When T’Nia Miller was a child, she was faced with an unsettling albeit intriguing thought: “What about if we just are in a box in a laboratory somewhere?” she tells STYLECASTER, recalling her father saying. “You know, we could just be ants in a box.” Miller’s father is certainly not the first, nor will he be the last, human to question the nature of human existence.

To take a more modern approach, the creators of Rick and Morty Dan Harmon and Justin Roiland suggest there are infinite realities with infinite versions of ourselves, thus our reality as we know it doesn’t matter. There’s a point to all of this. The reason we’re talking about existentialism is that it’s a theme explored in Prime Video’s sci-fi thriller, The Peripheral in which Miller (The Haunting of Bly Manor, Foundation) stars. Much like William Gibson’s 2014 dystopian novel of the same name, the show is a cautionary tale about human existence and its increasingly complicated relationship with technology.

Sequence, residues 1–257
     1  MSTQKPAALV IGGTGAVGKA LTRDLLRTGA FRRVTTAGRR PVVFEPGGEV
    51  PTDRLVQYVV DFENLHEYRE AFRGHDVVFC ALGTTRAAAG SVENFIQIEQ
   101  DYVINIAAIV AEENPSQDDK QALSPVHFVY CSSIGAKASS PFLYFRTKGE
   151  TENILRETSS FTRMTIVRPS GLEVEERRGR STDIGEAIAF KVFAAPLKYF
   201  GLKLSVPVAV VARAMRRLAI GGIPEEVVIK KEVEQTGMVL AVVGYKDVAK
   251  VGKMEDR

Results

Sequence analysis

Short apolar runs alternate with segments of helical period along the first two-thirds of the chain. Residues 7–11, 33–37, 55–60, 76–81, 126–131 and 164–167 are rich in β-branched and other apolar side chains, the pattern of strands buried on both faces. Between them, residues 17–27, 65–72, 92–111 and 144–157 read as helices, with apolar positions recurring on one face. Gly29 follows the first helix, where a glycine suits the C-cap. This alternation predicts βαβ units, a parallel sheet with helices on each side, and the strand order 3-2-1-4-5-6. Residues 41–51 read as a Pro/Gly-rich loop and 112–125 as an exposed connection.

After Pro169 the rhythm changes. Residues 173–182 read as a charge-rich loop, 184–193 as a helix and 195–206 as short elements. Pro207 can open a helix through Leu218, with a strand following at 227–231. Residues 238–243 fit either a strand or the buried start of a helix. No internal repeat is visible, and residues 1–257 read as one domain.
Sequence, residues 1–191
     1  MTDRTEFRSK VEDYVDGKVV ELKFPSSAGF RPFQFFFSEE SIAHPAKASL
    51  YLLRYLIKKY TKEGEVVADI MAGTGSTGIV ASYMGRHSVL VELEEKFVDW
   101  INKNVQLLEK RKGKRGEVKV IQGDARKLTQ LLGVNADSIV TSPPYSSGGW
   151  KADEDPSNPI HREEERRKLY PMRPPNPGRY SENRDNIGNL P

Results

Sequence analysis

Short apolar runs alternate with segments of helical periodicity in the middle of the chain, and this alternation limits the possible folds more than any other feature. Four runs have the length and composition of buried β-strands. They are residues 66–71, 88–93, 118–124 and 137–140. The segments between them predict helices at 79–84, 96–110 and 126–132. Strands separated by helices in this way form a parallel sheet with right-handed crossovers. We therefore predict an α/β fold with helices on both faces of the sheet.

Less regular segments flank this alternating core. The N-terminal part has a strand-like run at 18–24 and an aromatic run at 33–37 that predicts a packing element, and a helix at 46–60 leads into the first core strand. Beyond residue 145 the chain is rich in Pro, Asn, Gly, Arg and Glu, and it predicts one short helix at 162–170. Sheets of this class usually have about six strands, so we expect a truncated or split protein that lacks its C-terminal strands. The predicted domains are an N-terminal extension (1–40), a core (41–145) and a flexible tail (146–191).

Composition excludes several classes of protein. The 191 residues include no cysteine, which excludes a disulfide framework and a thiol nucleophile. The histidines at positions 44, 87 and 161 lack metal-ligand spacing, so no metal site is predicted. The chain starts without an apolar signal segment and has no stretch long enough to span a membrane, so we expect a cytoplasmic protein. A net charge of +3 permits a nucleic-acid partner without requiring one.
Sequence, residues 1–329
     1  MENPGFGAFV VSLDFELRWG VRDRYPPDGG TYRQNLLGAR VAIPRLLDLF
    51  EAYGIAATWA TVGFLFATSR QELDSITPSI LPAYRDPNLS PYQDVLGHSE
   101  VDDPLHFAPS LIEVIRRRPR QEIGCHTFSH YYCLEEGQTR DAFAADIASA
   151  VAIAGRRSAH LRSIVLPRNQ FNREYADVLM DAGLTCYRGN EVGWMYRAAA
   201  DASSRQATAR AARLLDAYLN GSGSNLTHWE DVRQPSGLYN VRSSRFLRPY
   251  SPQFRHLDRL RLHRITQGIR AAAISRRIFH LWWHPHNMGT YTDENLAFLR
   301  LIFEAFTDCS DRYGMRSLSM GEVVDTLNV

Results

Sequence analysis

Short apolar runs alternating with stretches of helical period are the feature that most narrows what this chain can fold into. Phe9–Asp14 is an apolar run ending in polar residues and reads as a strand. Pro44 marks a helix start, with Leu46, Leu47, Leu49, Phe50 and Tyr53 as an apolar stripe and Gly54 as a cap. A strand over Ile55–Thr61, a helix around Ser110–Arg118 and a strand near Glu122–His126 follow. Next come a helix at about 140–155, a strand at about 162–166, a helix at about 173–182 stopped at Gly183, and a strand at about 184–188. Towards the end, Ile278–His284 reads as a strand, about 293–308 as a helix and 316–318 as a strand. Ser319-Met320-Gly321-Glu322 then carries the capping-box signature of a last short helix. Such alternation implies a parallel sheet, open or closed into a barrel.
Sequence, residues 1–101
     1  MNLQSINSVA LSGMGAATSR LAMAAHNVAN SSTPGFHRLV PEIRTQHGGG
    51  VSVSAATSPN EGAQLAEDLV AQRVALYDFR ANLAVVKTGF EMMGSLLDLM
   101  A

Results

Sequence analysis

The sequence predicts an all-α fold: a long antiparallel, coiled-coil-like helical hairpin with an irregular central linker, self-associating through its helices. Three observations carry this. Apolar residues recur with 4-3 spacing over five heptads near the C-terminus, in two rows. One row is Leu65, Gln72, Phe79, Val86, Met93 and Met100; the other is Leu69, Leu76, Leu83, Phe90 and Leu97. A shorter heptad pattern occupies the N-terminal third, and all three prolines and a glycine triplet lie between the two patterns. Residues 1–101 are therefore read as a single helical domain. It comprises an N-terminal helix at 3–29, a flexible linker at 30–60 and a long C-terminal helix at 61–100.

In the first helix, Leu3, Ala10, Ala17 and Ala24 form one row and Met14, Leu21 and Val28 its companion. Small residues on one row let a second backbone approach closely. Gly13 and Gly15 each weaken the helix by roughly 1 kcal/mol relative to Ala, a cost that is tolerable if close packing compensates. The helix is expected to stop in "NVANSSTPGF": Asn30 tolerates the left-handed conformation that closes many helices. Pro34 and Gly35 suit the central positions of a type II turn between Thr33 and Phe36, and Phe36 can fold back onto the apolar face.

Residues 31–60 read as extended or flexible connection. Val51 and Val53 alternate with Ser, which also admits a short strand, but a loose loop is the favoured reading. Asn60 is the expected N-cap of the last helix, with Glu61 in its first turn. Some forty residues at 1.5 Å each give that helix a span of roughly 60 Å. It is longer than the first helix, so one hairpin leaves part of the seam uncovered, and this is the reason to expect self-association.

The Peripheral is set in 2032. Because it depicts civilization a mere 10 years away, the themes presented in the series hit particularly close to home in relation to how humans interact with technological advancements. Miller stars alongside Chloë Grace Moretz, who plays the central character Flynne Fisher. Struggling to pay for her mother’s mounting medical bills, Flynne plays virtual reality video games on behalf of wealthy clients who pay her to level-up their character, using an avatar she and her brother Burton (Jack Reynor) share (this kind of thing already exists for online games like World of Warcraft; it’s called paid level boosting).